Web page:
Beltline benefits local businesses

Opening a restaurant is never a sure thing. Every entrepreneur takes a risk on a new venture. Since opening our first of three restaurants in Inman Park 10 years ago, location has been key to our success. We have always believed in the vision of the Atlanta Beltline, and taking the risk to locate our restaurants alongside it has paid off.

What we’ve seen next to Kevin Rathbun Steak on Krog Street has been incredible. Even before the paved trail, people were using the Beltline to exercise, walk their dogs and get where they needed to go. Since the trail opened in the fall of 2012, it’s been a revelation. We see thousands of people on the trail every day, with up to 10,000 people a day on weekends. Many of those people have become customers.

The pedestrian traffic has been so great, we renovated the patio that faces the Beltline to attract more customers, and it’s working. Not only do we get more customers dining with us, we also have more people stopping in for drinks and light snacks. Our story is not unique. Businesses up and down the Eastside Trail are opening their doors to the Beltline, investing in new connections and entrances to attract customers.

This trend will likely continue and accelerate as new apartments and commercial and retail spaces open over the next several years. Neighborhoods that were once rough around the edges are coming to life with new residents, businesses and activity that would have been hard to imagine just a few short years ago. With Ponce City Market and other major developments opening in 2014, the Beltline and its resulting economic activity continues to attract local residents and visitors from around the metro area and beyond.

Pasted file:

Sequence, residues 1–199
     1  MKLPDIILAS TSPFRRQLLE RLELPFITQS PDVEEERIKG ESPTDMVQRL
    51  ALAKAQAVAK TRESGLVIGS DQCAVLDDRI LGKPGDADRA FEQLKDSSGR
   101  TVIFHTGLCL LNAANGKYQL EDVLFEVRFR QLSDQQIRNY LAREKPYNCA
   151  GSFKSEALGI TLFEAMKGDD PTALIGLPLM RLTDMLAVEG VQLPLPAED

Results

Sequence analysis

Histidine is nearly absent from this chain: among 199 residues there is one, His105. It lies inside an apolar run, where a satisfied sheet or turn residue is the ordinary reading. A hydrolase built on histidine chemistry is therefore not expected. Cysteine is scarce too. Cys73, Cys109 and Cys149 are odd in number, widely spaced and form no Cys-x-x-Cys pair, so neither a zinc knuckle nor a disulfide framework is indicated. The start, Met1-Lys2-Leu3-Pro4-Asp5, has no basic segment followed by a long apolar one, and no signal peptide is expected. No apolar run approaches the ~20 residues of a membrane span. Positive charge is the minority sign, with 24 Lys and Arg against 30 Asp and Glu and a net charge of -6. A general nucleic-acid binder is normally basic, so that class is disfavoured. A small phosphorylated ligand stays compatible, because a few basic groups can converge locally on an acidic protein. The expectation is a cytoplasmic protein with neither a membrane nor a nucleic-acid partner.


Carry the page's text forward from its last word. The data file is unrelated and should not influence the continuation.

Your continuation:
While the Eastside Trail has been good for business, it is also a fantastic amenity for the public. It is making Atlanta healthier by promoting walkability and creating public space that enhances social interactions. People from every age and ethnicity use the Beltline, making real the vision we had for this project from the beginning.

When we opened Kevin Rathbun Steak seven years ago in Inman Park, we never could have predicted the transformation of the abandoned rail corridor next door. We knew something good would happen. But the thousands of people who walk and cycle past the restaurant on a daily basis are proof that the Beltline is working for residents, visitors and businesses like mine.

We believe the BeltLine is just in its infancy in terms of opportunity for business, the community and the city. We can’t wait for the trail to extend south next to Rathbun’s, another of our restaurants, and beyond. Restaurateurs, small business owners and large companies are quickly figuring out what we believed from the beginning: that the Atlanta BeltLine will change the city and bring economic, social and public health benefits for generations to come.

Kevin Rathbun is an Atlanta chef and owner of four restaurants.